Lifting children’s economic prospects through technology

In March 2016, Forbes reported there were 159 technology billionaires, and four of the 10 richest people in the world made their money in the tech sector. We believe there are opportunities for these technology developers to play a differential role in philanthropy — one that brings together their ability to invest wisely and their acumen for using technology to change the world.

Which types of technology-enabled interventions and tools most help to support healthy development and are worth big philanthropic bets is the subject of our latest research. We are advocating for targeted investments of $1 billion that can have profound social impacts — in this case, boosting early childhood education (ECE) to bolster upward mobility. From our research, early returns on some ECE tech-supported programs are promising, and the need for such solutions clear.

The early childhood development crisis facing the United States

Nationwide, 5.8 million children, from birth to age five, are not on track to succeed when they begin kindergarten. Put another way, in any given year, 1 million low-income five-year-olds are not fully ready when they arrive at kindergarten. They lack the cognitive skills, physical development and social and emotional maturity to succeed in a formal learning environment. Many come from English learner households and lack fluency in their language of instruction, and fall short on literacy, which impacts learning mindsets.

Starting from behind makes it much harder to catch up. Children who enter kindergarten developmentally ready are significantly more likely to master basic skills by the third grade than those who are not school ready (82 percent versus 45 percent). This is the beginning of a yawning outcome gap over a lifetime. Performing at grade level by the third grade makes it more likely that the child will go on to graduate from high school.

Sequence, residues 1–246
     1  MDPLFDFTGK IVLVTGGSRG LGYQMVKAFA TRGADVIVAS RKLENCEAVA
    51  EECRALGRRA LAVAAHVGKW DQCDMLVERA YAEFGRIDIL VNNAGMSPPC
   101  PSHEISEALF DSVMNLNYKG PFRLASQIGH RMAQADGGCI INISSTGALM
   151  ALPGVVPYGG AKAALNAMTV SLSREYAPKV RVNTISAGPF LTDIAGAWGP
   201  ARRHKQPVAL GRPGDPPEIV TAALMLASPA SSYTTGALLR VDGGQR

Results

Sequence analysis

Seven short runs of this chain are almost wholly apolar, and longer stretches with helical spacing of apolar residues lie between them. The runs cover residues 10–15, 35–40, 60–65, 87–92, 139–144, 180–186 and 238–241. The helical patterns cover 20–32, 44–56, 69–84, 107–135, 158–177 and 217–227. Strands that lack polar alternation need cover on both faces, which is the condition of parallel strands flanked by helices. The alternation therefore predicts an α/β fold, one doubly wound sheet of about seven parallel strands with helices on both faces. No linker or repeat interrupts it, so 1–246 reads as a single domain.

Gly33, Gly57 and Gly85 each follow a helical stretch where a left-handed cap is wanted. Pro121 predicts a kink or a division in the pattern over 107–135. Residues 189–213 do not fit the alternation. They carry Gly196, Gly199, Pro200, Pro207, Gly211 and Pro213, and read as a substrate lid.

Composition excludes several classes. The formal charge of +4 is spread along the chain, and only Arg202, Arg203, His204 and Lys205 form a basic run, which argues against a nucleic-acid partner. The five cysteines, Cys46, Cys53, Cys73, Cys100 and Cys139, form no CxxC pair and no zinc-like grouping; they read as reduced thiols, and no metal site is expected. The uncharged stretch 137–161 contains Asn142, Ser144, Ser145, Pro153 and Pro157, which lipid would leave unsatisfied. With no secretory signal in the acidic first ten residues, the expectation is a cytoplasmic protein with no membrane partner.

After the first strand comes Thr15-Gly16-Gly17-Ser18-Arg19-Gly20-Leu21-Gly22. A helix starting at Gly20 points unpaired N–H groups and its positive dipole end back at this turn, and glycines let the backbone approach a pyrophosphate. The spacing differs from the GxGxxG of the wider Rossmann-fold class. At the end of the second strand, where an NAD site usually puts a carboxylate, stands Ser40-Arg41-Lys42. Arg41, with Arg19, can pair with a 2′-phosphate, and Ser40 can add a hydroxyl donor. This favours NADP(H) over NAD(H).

Evidence shows that high-quality tech-enabled tools, if used correctly, can indeed improve a student’s cognitive skills.

While socioeconomic status is the primary determinant of a child’s kindergarten readiness, race and ethnicity compound a low-income child’s disadvantage. The two groups facing the greatest disadvantages in math and reading are black students and Hispanic English language learners, where differences in cultural perception can affect how parents and teachers view a child’s social and emotional skills.

How technology can improve early childhood outcomes

There are significant bodies of research that tell us a great deal about what it takes to ensure that a child is ready for kindergarten. Children from birth to age five should have positive, caring interactions and relationships with the adults in their lives in every setting — from home to community to school. Adults in all of these settings should know what an individual child needs, and have the capacity to help that child fully develop. Adults also should work together across all settings to ensure a cohesive, shared approach to supporting that child.

This is a tall order, but the benefits to children — and the country — would be immense.

Some promising tech solutions include the kind of text-messaging services that young mothers in underprivileged situations have already begun to use. For instance, Text4baby is a free educational mobile-phone service sponsored by the National Healthy Mothers, Healthy Babies Coalition. It works with some 700 partners, including an agency of the Department of Health and Human Services, to promote its use.